The state tax department is sending nearly 20,000 letters to Vermonters informing them that they may owe sales tax for online purchases. If so, they’ve got two months to pay up without interest or penalty.
The “Dear Taxpayer” letter reads, “Most Vermonters owe use tax, however many don’t fully understand what use tax is or how much they owe.”
Use tax is what Vermonters pay in lieu of a sales tax collected at the time of purchase — usually when buying something online, over the phone, in a state such as New Hampshire that doesn’t charge a sales tax, or by mail. The letter is meant to inform Vermonters that they are responsible for paying that use tax when filing their annual income tax form.
The Department of Taxes is attempting this year to collect more unpaid sales tax, according to commissioner Kaj Samsom. In setting the 2018 state budget, Vermont lawmakers counted on an increased sales tax haul of $3.175 million.
“It’s become a more important thing to emphasize as more sales shift online,” the tax commissioner said Tuesday.
Amazon this year began charging sales tax on purchases made by Vermonters, but many other online retailers do not. Vermont legislators have long grappled with the issue because they have authority only over sellers with a physical presence in the state, giving online retailers a tax advantage.
Lawmakers may have finally come up with a solution. Online retailers who do at least $100,000 in sales in the state and don’t collect tax will be required to report Vermont purchases to the Tax Department in January.
The letter to taxpayers warns of the changes and notes that the reports include “buyer information which will be used in compliance efforts.”
Samsom declined to say how taxpayers were selected to receive the letters.
“Not all Vermonters are getting this letter,” he said.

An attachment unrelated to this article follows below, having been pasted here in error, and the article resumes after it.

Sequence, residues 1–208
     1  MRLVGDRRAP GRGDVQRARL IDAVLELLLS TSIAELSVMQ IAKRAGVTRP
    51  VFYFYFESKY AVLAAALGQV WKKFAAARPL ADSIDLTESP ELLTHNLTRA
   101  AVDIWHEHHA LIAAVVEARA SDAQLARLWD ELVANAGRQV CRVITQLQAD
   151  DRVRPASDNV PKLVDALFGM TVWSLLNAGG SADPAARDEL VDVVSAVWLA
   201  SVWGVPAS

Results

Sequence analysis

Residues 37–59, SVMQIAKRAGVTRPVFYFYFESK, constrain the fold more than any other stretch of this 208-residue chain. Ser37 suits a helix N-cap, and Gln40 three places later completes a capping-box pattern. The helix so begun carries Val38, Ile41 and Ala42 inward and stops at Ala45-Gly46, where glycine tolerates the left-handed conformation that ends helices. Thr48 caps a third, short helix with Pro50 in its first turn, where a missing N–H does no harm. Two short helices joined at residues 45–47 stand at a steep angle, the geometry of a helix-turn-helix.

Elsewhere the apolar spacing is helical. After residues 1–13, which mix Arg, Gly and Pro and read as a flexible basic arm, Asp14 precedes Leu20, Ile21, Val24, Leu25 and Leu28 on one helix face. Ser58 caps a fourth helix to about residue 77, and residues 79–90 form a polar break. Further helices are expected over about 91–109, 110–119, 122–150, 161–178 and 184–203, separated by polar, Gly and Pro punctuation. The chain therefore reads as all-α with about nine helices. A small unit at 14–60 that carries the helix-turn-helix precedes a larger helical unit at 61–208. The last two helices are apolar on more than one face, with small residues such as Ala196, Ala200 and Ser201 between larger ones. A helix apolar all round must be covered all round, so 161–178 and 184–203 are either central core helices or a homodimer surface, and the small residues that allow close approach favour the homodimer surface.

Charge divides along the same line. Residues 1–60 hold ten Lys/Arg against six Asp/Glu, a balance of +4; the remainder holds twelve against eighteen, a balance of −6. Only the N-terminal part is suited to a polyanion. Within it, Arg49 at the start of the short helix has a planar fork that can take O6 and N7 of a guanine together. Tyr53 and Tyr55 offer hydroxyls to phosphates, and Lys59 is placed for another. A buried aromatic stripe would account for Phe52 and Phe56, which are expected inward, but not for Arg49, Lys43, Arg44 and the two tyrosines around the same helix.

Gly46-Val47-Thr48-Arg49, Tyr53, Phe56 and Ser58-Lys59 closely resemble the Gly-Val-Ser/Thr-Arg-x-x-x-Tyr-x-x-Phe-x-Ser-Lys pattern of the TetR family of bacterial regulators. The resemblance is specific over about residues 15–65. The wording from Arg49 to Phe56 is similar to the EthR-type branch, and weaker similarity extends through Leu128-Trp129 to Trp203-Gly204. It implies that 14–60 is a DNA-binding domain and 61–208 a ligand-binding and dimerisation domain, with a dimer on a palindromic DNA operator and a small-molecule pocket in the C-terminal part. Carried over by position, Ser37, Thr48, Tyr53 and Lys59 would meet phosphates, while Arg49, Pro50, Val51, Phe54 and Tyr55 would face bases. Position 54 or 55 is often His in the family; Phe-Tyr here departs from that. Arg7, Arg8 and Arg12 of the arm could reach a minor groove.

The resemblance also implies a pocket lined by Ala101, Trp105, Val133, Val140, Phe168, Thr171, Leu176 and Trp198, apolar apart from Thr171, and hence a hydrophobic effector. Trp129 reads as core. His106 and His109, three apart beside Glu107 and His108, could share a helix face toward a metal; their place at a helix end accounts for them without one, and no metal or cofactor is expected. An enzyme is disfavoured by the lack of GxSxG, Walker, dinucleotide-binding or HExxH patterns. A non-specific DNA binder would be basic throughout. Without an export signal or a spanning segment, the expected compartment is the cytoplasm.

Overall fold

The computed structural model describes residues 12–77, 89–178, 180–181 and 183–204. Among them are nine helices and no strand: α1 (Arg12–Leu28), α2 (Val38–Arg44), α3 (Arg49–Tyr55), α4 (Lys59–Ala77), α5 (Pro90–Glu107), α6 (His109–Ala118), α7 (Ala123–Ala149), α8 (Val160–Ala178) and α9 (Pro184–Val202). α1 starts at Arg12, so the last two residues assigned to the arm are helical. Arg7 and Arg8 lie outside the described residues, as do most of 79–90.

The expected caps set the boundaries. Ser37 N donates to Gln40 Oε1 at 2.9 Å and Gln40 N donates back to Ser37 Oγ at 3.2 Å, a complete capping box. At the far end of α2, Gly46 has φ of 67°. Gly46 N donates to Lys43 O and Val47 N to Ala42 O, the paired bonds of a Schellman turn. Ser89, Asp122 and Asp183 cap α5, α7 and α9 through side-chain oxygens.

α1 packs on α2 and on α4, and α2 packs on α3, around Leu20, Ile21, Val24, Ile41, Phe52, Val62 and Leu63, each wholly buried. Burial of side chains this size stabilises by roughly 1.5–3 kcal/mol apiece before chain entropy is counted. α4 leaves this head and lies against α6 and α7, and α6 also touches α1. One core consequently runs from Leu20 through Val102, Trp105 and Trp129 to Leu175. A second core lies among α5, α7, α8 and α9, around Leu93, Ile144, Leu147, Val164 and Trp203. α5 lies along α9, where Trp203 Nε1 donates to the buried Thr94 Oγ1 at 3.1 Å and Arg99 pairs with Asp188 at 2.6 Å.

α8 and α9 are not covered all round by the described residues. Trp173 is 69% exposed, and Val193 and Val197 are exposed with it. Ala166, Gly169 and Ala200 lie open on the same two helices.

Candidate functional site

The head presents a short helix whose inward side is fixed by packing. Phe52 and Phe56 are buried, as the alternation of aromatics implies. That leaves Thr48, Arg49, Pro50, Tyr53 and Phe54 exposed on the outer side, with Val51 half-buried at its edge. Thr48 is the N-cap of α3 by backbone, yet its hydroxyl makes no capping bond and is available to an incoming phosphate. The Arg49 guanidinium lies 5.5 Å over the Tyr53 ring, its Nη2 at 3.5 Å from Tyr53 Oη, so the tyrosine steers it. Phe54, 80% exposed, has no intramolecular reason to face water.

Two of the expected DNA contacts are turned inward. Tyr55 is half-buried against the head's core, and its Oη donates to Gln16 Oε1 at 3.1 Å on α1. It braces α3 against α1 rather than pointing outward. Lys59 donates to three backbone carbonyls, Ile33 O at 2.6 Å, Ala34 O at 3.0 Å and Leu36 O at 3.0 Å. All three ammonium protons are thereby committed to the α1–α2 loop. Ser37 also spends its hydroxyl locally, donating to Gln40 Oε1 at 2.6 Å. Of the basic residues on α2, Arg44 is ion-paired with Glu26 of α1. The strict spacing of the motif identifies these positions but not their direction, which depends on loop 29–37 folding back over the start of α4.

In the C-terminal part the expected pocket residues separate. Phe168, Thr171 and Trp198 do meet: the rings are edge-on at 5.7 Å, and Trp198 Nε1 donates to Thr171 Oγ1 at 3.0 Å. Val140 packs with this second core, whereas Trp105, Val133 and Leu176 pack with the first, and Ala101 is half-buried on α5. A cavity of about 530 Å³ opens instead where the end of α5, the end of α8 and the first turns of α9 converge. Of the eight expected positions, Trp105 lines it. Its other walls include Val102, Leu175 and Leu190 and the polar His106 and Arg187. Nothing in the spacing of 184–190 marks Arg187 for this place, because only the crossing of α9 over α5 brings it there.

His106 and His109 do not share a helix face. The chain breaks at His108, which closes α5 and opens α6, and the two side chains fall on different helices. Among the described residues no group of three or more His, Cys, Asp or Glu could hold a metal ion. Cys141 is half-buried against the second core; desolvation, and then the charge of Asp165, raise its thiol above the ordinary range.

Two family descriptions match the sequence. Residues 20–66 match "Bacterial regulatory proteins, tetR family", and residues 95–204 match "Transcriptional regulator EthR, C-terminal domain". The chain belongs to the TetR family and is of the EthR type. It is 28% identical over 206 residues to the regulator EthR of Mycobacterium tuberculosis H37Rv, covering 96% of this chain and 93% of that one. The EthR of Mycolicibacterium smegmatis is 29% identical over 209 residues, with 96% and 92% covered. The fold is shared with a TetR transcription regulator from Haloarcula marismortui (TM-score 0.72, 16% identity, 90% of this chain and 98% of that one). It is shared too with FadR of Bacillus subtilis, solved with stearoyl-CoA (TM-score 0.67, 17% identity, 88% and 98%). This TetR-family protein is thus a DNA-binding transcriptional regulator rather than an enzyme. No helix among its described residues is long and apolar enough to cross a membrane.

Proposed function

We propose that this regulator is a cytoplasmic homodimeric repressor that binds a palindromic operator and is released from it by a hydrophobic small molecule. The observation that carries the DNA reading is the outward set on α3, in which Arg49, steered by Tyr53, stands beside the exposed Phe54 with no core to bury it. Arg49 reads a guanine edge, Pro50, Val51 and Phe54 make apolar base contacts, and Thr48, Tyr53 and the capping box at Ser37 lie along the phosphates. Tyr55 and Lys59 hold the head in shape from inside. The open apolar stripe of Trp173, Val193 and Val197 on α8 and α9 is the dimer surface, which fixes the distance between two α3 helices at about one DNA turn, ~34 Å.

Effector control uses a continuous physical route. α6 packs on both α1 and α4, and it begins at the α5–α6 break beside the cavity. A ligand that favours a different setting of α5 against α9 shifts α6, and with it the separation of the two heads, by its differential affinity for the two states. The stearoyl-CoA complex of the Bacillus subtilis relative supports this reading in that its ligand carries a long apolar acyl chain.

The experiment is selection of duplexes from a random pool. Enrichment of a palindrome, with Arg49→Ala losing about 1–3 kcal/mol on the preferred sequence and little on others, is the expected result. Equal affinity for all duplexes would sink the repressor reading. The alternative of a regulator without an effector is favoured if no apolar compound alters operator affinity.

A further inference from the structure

One taxpayer, who spoke on condition of anonymity because he feared being targeted by the state, shared with Seven Days the letter he received. The tax department noted that he reported $0 in use tax on his income tax form for three years in a row.
The website also provides a chart that estimates sales tax owed based on adjusted gross income. The taxpayer plans to pay that estimated amount, but said he was taken aback by the letter. “My take on it is it’s a bad way to solve a problem,” he told Seven Days.
Samsom said the department has gotten a variety of reactions from letter recipients. Some have paid sales tax they owed, some wanted more information about what items qualify and others complained about it.
“Some people feel the letter is too threatening. Some folks perceive it as a shakedown,” Samsom said. “This is not a shakedown. This is not a revenue grab.”
Samsom declined to say whether those who receive the letter would be targeted for an audit if they don’t pay sales tax retroactively. Anyone who receives the letter and is confident they owe no sales tax should ignore it, he said.
Samsom said about 20,000 of the letters are being sent out at an estimated cost of $1 a letter. He said he expects the mailings will bring in more revenue than they cost to produce.